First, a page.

HC Deb 07 April 1976 vol 909 cc403-5
4. Mr. Hannam

asked the Secretary of State for the Environment if he will take steps to ensure that all planning applications for public buildings are approved by social service departments so as to provide access and facilities for disabled and handicapped people.

Mr. Oakes

No, Sir. The development control system is not appropriate to secure the provision of access and facilities suitable for physically disabled persons. Local planning authorities have, however, been asked to draw the attention of developers to the provisions of Section 4 of the Chronically Sick and Disabled Persons Act 1970.

Mr. Hannam

Is it not a disgrace in this day and age that modern public buildings, such as the National Theatre, are being constructed without adequate access and facilities for disabled people? Would not a simple statutory provision for the involvement of social service directors at the planning stage show that we were not just paying lip service to the integration of the disabled?

Mr. Oakes

Planning is concerned with the purposes for which land is to be used, and not the people who use it. Indeed, the planning system does not control internal fittings.

I understand that the plans for the National Theatre were passed long before the circular was issued in 1970.

Mr. Molloy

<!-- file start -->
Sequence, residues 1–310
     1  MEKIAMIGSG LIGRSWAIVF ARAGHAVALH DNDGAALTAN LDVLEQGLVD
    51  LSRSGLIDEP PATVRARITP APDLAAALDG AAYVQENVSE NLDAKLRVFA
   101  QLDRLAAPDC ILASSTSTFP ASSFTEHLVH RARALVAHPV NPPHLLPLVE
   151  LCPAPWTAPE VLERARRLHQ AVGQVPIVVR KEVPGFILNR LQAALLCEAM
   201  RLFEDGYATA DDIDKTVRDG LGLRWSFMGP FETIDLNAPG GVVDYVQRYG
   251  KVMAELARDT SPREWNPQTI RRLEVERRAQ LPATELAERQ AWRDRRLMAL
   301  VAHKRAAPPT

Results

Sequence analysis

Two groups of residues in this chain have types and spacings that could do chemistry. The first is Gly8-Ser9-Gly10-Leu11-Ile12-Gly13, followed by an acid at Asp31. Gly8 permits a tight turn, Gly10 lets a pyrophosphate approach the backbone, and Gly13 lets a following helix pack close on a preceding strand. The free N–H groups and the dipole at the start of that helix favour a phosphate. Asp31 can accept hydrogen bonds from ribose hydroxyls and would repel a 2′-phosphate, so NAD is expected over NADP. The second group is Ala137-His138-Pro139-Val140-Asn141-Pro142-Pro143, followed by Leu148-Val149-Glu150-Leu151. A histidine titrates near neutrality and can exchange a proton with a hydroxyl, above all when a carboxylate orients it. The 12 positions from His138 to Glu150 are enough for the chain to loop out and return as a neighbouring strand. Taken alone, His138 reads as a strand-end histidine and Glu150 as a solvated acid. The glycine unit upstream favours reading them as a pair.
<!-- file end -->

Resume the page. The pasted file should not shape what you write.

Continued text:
Is my hon. Friend aware that many local authorities desire to conform to the Act and wish to make access to public offices available to the disabled, but that, despite their endeavours, they are restricted by financial considerations in the changes which have to be made? Will he look sympathetically at applications that are made and perhaps devise a priority list to assist well-meaning local authorities who wish to carry out the provisions of the Act?

Mr. Oakes

There should be no doubt in the House about the desirability of carrying out the aims of the Act. This is a matter for local authorities to decide. It is not a planning matter that requires us to issue further directives to them. However, pressure will and should arise from the authorities concerned to ensure that all public buildings are adapted for the disabled.

Mr. Marten

In addition to the point made by my hon. Friend the Member for Exeter (Mr. Hannam), would it not be a good thing to encourage the disabled to get on to local councils to ensure that their interests are watched there?

Mr. Oakes

It would, indeed. The social services departments of local authorities usually contain a number of people specifically nominated by the disabled groups.

Mr. Speed

Does the hon. Gentleman agree that it is much cheaper and more effective to provide these facilities at the planning and design stage than later? Could the Government not give clear advice and guidance to the Property Services Agency, nationalised industries and local authorities to have these facilities built in at an early stage, rather than have too many adaptations afterwards?

Mr. Oakes

A circular issued by the Conservative Government on 17th August 1970 drew to the attention of all developers the need to conform to the 1970 Act and to the high desirability of access for disabled people to all premises to be considered at that stage. It is cheaper at that stage. It is not necessary to send out another circular. The planning system, as such, should not be the means of control.